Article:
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RSA chair: 'I think everybody in public life should obey the law'

Liz O’Donnell said recent events have demonstrated the ‘huge change in public non-acceptance of drink driving’.

Image: Leah Farrell/RollingNews.ie

CHAIRPERSON OF THE Road Safety Authority Liz O’Donnell has said public figures should obey the law and follow road traffic advice.

It emerged this week that Agricultural Minister Barry Cowen received a three-month ban from driving after he was caught drink-driving on a learner’s permit in 2016. Cowen has apologised for what he described as a “stupid mistake” that reflected poorly on the work of an elected representative.

Speaking at an RSA briefing on motorcyclist deaths this morning, O’Donnell said she did not want to comment on any individual cases. However she said she thinks “everybody in public life should obey the law”.

“I think what recent events have shown and demonstrated is that even if nobody is killed in an accident relating to drink driving, the implications for the offender, and the prosecuted person can be very, very serious,” she said.

There’s been a huge change in public non-acceptance of drink driving and I think that has been highlighted over recent days and that’s good.

She said despite successful campaigns by victim groups and the RSA in recent years which helped reduced the incidence of drink driving, it is still “very prevalent” with around 2,000 arrests every month.

O’Donnell also expressed concern about learner drivers continuously renewing their permits as it was revealed this week that 35,000 people are driving on a fourth or subsequent permit.

“Generally speaking, we have been very concerned over some years about the over reliance for too long by many people on their learner permit. People keep putting it off, for whatever reason,” she said.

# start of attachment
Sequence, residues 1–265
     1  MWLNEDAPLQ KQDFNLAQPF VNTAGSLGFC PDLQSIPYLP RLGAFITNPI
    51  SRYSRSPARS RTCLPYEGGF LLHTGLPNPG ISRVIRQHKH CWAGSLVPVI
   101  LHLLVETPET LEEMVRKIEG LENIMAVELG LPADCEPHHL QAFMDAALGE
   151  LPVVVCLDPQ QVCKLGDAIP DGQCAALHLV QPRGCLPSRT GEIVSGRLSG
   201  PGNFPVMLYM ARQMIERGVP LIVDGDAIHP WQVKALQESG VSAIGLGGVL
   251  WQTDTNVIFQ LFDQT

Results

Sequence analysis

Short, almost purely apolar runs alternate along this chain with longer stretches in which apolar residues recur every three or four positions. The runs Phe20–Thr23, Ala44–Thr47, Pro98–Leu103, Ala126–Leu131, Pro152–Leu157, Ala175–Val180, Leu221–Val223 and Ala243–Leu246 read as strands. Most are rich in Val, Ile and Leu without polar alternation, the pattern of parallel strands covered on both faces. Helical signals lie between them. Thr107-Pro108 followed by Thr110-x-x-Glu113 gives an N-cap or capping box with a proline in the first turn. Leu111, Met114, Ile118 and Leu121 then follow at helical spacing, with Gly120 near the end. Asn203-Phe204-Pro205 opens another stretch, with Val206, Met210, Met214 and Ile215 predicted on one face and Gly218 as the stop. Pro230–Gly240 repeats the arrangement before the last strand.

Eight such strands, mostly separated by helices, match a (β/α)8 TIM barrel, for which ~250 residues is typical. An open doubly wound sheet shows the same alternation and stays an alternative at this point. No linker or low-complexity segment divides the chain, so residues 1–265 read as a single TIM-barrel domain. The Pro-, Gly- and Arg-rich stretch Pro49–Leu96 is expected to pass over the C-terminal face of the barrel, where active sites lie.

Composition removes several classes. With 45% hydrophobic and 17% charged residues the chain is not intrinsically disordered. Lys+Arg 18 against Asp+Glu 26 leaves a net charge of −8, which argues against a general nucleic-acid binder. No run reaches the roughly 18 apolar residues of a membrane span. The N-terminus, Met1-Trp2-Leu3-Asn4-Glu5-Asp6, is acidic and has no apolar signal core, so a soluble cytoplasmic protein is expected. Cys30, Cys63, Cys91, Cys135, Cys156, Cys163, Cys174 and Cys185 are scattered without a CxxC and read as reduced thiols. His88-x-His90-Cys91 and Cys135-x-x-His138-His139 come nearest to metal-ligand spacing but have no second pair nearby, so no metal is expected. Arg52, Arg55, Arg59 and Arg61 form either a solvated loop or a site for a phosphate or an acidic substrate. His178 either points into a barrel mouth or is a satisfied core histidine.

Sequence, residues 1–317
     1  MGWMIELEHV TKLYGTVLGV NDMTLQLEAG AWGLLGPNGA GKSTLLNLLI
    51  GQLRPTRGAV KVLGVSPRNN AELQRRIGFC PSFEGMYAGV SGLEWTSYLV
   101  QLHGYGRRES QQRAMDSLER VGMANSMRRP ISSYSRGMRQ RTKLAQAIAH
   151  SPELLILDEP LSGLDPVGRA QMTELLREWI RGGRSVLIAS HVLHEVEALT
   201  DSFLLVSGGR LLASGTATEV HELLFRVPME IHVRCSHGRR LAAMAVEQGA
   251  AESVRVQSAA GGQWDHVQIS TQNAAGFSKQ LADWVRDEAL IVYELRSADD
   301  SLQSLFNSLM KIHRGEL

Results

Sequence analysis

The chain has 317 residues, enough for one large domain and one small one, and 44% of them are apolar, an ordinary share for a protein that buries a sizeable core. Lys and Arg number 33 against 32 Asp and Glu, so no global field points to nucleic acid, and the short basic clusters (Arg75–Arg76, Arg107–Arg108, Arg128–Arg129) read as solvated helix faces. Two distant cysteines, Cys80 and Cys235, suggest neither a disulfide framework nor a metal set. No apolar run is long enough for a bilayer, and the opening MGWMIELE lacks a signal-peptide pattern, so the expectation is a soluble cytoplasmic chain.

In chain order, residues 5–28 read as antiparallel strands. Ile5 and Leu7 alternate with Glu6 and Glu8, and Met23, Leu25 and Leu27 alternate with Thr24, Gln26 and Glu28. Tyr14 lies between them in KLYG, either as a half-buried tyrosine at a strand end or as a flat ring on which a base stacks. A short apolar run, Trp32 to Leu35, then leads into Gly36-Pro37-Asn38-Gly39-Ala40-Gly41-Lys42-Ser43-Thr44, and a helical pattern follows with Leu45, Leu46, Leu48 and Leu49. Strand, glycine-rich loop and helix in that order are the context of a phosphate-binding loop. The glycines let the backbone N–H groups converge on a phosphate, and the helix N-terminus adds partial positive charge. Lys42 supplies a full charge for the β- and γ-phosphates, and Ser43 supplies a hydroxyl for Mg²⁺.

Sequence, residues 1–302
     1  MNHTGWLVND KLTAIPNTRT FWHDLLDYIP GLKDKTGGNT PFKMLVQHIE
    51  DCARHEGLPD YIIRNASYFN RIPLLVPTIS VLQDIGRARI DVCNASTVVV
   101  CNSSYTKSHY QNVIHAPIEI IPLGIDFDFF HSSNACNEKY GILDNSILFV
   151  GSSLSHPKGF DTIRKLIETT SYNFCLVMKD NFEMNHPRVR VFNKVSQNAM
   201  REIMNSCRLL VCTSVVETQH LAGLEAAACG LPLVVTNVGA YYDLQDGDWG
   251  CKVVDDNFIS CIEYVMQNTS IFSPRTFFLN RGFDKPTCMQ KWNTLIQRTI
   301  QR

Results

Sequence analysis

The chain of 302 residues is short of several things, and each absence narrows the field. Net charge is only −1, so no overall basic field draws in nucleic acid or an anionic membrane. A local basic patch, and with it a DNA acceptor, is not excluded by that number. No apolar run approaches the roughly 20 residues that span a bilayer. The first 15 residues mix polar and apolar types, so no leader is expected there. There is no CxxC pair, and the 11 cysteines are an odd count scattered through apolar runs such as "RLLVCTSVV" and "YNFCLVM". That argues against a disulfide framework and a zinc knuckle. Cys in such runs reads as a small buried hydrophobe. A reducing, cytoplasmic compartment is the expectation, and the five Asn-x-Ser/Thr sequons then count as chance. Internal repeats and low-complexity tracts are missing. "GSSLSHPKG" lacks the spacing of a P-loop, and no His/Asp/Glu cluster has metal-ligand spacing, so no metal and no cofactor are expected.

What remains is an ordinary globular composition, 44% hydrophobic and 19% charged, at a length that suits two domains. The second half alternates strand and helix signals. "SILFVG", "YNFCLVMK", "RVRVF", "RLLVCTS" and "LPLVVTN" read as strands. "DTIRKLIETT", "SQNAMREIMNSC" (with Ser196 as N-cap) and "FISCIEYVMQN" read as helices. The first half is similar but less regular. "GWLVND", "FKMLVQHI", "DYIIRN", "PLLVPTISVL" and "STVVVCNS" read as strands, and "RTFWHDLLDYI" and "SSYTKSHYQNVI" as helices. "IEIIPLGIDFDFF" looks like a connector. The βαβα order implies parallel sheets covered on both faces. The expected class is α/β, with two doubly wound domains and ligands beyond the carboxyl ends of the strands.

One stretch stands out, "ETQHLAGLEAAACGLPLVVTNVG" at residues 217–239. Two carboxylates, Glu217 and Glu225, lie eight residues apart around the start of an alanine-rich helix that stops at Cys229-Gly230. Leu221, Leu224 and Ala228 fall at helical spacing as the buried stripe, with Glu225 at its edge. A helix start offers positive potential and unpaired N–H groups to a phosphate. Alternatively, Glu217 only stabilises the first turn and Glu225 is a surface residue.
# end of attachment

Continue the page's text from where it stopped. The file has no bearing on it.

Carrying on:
“Now we have made submissions to the Department of Transport to improve this, to remedy this, because we, along with victims groups, have seen that it’s dangerous for people to be driving for so long on a learner permit. It’s not a license, it’s a learner permit with strict conditionality, which are established – in other words, you have to be accompanied.”

Assistant Commissioner Paula Hilman, Roads Policing and Community Engagement, today revealed over 3,700 learners were detected driving unaccompanied in the first five months of this year. She warned that gardaí will be out on the roads more as the level of traffic increases.

She said there is particular concern about motorcyclists this summer as they are consistently over-represented in road fatality statistics.

“We know that speed can be a factor in these collisions, which is why we are calling on motorcyclists to ease off the throttle,” she said.

An analysis by the RSA of available Coronial Files data for 2013-2017 found that just over a third (34.6%) of motorcycle rider fatalities, with a record of their actions leading up to the collision, were exceeding a safe speed at the time of the collision.

“We are urging motorcyclists to reduce their speed and ride safely,” Assistant Commissioner Hilman said. “The number of fatalities is already higher, and based on last years’ experience, July and August stood out as the main months for collisions: almost one-third (55) of collisions happened during these months.”

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As of 9 July, eight motorcyclists have died on Irish roads, compared to five on the same date last year.

Motorcyclists are being asked to take the necessary steps to make themselves as safe as possible on the roads. They are advised to wear the appropriate safety equipment and high visibility clothing to make them visible to other road-users. Motorcyclists should also ensure they ride with dipped headlight on, to increase visibility.

- With reporting by Dominic McGrath.

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